‘And she looked at me and said: “I promise you, you won’t.””
Garfield was on a ventilator for 31 days.
Garfield was hospitalized on March 5 and was intubated for 31 days. Doctors gave him a 1% chance of survival. Pictured; Garfield intubated, March 10
He began recuperating and entered rehabilitation. His neurologist told him it was a miracle he was still alive. Pictured: Garfield walking the halls of the hospital, April 28
He was discharged after 61 days to a rapturous celebration. Pictured: Garfield and his sister celebrating his birthday in the hospital, April 16
He had a number of health issues during his 64-day stay in the hospital including kidney failure that left him on 24-hour dialysis, a compromised liver, a pulmonary embolism, an MRSA infection and sepsis
After about the 12th day, doctors told AJ and Garfield’s sister, Stephanie, that blood circulation was not reaching his hands and toes, and that they were turning black.
He was also two days away from being put on an Extracorporeal Membrane Oxygenation (ECMO) machine, which pumps and oxygenates a patient’s blood outside the body, which allows the heart and lungs to rest.
Doctors gave him a one percent chance of surviving. But, luckily, he was extubated.
After a few days, Garfield was invited to rehabilitation on the fifth floor during which he learned how to chew again, swallow again, talk again and walk again.
‘My neurologist looked at me and said: “You’re a miracle. Medically, you shouldn’t be here,”‘ Garfield said.
‘I don’t think I would label it as anything except I kept positive vibes the whole time.’
Video captured a celebration after Garfield was discharged from the hospital.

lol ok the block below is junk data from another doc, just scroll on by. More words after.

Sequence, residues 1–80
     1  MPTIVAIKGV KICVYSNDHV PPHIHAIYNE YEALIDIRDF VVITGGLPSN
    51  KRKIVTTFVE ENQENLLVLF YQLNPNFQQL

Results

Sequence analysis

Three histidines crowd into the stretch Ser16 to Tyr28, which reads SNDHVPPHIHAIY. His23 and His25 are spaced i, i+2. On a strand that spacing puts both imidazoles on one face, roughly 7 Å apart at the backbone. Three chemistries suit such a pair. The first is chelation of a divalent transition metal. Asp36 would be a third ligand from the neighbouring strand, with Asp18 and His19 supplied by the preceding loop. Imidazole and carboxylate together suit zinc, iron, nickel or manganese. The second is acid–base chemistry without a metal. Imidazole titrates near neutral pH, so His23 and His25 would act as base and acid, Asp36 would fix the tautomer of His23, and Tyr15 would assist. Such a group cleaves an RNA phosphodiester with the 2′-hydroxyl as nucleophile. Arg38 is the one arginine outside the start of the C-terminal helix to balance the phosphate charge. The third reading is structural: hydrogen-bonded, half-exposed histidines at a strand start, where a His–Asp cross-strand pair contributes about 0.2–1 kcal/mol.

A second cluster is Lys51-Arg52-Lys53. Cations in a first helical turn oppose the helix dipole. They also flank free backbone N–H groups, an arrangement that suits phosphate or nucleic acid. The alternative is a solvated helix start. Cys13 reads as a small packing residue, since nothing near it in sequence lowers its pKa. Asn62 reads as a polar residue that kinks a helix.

Dozens of doctors, nurses and other staff are seen clapping and cheering as he is wheeled out, and even stands and walks at one point.
‘The celebration that they had for me was surreal. It was one of the most insane experiences of my life,’ he said.
Four weeks after he was discharged from the hospital, a hand surgeon told Garfield most of his fingers need to be amputated due to extensive damage and necrosis (left and right). On the left hand, his fingers were removed from the mid-knuckle and just five percent of his thumb, while on the right hand, the majority of his fingers were removed and just the tip of his thumb
Despite the amputation, Garfield wants to encourage others to take the pandemic seriously and wear a mask. Pictured: Garfield in the hospital, April 20
Four weeks later, Garfield saw a hand surgeon, who determined that he needed to have amputations because the damage was too severe.
On the left hand, his fingers were removed from the mid-knuckle and just five percent of his thumb. On the right hand, the majority of his fingers were removed and just the tip of his thumb.
He will be going undergoing at least four more surgeries, to gain more dexterity in his thumbs and a longer appearance of the thumb.
Eventually, he plans to go ‘full bionic’ in terms of prosthetics for the right hand.
Garfield hopes his story convinces other people to take the pandemic seriously and that what happened to him could happen to others.
‘This virus is no joke. I had zero pre-existing conditions I ride mountain bikes, I golf, I race cars but, at the end of the day, this can happen to you,’ he said.
And mostly importantly, he says: ‘Wear a mask!’